Three months ago, my twin sons were born prematurely and died the following day. I'm seeing a grief counselor this week, and think that will help me. My question is, how do you know when you are ready to start trying again? My husband and I had already waited 7 years before we decided to try for the first time.
And though I have given birth and held my sons in my arms, I don't have children in my home. I long for a child in my arms, in my house that I can nurture, love and watch grow.
How do I know when its time? I don't want to rush into it but that need and want is still there. I know there is not a stock answer but I appreciate your insight all the same.
You have our condolences for the deaths of your baby twin sons. During this month, the month of their due date, your longing may be especially intense, as you expected to still be pregnant and then to have a pair of newborns in your arms. Due date anniversaries can be especially heart-wrenching. You're in our thoughts.You're right, there are no rules about when a mother is ready to try again. That's because there are so many factors that play a part in this decision. There are reasons for waiting, as well as reasons for diving right in, and each individual couple needs to weigh these factors according to their unique circumstances and feelings. Instead of having a doctor prescribe how many months to wait, you benefit from having information and open-ended advice, so you can make the best decision for yourselves.
The advantages to waiting all involve the idea of giving your body sufficient time to recover physically from the pregnancy, plus giving you more time to recover emotionally before you embark on the turmoil of a subsequent pregnancy.
Giving yourself enough time to recover physically offers your next pregnancy the best chance of succeeding, and your doctor can advise you on a time frame for that. Especially if you experienced complications, you may also want more time to research or consult with doctors about what went wrong, and time to arm yourself with information on what you can do to prevent recurrence or other problems.
While waiting until your body has recovered physically is always a good idea, emotional recovery is not as clear cut or absolute. You'll never be completely "over" your twin sons' death, so after you're ready physically, you are the best judge as to whether you're ready emotionally to take the plunge or whether it's better to wait even longer.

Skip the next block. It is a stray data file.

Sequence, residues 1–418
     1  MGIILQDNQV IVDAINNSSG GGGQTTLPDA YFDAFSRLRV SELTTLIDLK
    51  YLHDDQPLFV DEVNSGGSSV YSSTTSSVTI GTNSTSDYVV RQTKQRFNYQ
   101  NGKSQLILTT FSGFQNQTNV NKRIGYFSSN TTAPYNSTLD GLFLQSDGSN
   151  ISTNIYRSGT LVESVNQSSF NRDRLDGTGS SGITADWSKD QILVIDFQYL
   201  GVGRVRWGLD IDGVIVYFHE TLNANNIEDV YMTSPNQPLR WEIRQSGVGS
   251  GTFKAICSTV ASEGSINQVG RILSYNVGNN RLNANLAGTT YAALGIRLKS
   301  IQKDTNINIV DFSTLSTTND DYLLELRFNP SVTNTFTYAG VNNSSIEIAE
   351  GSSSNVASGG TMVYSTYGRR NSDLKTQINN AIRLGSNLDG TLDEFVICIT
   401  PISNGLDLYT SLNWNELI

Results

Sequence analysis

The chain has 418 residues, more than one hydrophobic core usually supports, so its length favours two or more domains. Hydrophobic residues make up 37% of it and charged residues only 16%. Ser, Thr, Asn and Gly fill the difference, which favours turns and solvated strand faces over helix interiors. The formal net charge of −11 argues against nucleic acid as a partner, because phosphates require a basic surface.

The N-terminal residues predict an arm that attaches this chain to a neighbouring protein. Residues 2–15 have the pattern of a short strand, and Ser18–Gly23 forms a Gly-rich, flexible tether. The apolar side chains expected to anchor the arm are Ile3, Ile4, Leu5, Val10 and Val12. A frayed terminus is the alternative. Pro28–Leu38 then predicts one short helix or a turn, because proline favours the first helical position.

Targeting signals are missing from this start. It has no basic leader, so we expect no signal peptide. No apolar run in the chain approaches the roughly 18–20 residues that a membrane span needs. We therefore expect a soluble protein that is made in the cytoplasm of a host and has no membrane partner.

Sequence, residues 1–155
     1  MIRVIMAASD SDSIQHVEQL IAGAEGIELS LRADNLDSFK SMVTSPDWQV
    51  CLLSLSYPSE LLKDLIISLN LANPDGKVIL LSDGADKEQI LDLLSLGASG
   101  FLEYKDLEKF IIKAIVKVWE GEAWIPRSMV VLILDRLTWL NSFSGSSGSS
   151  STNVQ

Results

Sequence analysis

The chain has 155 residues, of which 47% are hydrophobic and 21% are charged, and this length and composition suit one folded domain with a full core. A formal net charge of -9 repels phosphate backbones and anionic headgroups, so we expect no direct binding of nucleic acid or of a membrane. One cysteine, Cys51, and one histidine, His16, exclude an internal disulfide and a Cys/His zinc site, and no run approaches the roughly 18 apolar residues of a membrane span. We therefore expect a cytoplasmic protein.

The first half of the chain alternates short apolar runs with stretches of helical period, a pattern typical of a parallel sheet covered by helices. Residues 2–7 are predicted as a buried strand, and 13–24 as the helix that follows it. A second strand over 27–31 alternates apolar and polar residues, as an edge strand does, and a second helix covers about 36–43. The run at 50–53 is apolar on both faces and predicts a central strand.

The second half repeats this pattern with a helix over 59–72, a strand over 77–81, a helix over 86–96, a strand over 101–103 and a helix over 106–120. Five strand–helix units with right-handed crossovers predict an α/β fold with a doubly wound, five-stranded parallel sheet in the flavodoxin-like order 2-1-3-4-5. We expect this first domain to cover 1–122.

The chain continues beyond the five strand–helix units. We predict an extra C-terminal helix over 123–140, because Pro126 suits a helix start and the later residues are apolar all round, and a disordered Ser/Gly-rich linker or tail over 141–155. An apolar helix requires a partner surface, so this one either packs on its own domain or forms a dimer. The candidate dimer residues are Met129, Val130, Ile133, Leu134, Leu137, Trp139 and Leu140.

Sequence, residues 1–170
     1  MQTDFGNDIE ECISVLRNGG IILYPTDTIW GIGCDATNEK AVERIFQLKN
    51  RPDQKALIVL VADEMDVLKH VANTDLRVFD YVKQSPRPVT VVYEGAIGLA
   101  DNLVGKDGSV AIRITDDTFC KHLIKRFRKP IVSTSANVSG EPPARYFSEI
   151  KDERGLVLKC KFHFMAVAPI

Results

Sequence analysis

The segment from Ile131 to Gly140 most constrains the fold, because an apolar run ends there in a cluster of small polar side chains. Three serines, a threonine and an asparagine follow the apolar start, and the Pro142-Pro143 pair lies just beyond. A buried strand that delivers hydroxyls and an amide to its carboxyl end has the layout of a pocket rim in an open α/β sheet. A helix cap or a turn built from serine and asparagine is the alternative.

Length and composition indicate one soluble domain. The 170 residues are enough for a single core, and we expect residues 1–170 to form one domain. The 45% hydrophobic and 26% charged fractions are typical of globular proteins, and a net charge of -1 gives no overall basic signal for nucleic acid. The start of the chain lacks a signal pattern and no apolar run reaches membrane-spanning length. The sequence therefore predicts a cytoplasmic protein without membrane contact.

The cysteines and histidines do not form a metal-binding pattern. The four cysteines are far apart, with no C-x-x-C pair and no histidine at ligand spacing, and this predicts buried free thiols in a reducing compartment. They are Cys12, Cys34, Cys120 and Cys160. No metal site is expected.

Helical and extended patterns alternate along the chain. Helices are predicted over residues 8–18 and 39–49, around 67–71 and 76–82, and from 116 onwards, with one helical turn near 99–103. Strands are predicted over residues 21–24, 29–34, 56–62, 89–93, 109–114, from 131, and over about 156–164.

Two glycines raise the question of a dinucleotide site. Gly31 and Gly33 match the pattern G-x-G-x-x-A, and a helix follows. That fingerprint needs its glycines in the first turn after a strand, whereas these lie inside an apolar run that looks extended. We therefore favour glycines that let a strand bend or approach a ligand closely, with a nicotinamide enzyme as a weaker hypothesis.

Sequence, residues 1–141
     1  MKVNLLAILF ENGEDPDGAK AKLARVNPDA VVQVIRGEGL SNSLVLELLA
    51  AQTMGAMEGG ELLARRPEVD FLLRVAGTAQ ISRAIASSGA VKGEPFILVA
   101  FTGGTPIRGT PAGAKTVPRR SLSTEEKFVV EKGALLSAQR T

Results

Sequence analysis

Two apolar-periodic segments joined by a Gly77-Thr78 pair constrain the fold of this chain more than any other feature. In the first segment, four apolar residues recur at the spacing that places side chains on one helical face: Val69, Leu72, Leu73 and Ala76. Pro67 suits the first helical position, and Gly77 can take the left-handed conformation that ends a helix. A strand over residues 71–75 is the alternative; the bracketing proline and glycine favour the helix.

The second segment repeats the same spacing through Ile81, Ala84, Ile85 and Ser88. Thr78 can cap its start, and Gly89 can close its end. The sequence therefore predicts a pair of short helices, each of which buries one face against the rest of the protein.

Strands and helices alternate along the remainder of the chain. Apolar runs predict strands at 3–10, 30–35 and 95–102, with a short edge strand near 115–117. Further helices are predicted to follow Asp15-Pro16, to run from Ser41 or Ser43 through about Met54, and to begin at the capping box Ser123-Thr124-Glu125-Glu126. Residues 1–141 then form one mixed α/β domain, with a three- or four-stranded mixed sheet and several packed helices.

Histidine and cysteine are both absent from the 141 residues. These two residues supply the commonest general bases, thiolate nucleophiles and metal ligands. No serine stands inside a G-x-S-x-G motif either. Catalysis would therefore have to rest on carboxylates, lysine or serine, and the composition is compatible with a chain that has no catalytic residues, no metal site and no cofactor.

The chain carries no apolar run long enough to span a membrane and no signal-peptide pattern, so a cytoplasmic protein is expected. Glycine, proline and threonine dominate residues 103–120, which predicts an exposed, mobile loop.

Many moms wait longer, feeling like they need more time to gather their courage, or hoping that their anxiety during the pregnancy will be less if they aren't in the thick of their grief during that time. Some dads need more time to warm up to the idea, especially if their partner, the mom, experienced complications during the pregnancy or postpartum period. Many moms also feel that as their grief softens, they'll be better able to enjoy a new baby more. On the other hand, many mothers believe that getting pregnant is a key to their emotional recovery.
Indeed, for many mothers, the desire to become pregnant right away can feel like an obsession. It is only natural for you to long for a baby in your arms, especially when your body is still recovering physically and hormonally from its pregnant state. If your "biological clock" is ticking or if you've experienced infertility, the anxiety of waiting may be greater than the anxiety of proceeding. For moms who have older children, they may want the next child spaced closer rather than farther. Other moms feel like they have an obstetrician who will be especially supportive and vigilant in terms of prenatal care, giving them the courage they need to go ahead. Or you may believe that you are managing your fear or anxiety as well as you ever will, so now is as good a time as any. You may also find solace in the thought that another pregnancy is a chance to recapture some of your lost dreams and that having another baby can give you the positive childbirth and parenting experience you long for. If your partner is eager to try again and you can be supportive of each other during this time, this can be a signal to move forward.
Here are some of the many factors you'll need to weigh to make the decision that's right for you:
- Ask your doctor questions about what went wrong and what, if anything, you can do to increase your chances of carrying your next pregnancy to term with a healthy baby or babies.
- Consider the advantages and disadvantages of postponing pregnancy.
- Figure out which of the pros and cons apply to your situation, and then decide which ones are the most important to you.
- Consider the balance of your physical and emotional needs.
- Talk to other bereaved parents about their decisions and experiences. Look for books and articles to read. Listening to other perspectives can shed light on what's right for you.
- You don't have to decide today when (or even whether) to get pregnant. As you mull over the possibilities, you'll find the answer when you're ready. Take it a month at a time. Avoid the pressure to get pregnant by a specific date.
- Your decision-making can rely on both rational thought and emotion. Weigh your options and listen to your heart and your intuition.
- Even if you know that waiting is the right decision in your situation, recognize that it can be frustrating. Likewise, even if you feel as ready as you're ever going to be, forging ahead can make you anxious. These feelings are natural and don't necessarily indicate that you should change your decision.
- Whether it occurs sooner or later, another pregnancy can have a healing effect. Take all the time you need.
-- Debbie and Mara
The Crisis Pregnancy Expert Team